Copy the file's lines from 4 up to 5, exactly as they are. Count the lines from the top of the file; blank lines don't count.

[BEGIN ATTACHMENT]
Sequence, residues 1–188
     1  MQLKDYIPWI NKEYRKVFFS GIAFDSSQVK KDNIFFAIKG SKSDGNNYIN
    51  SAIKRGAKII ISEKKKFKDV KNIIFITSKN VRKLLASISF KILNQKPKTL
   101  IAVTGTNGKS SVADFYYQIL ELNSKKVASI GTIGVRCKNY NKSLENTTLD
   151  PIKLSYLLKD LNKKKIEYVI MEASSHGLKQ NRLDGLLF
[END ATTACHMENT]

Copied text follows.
   101  IAVTGTNGKS SVADFYYQIL ELNSKKVASI GTIGVRCKNY NKSLENTTLD
   151  PIKLSYLLKD LNKKKIEYVI MEASSHGLKQ NRLDGLLF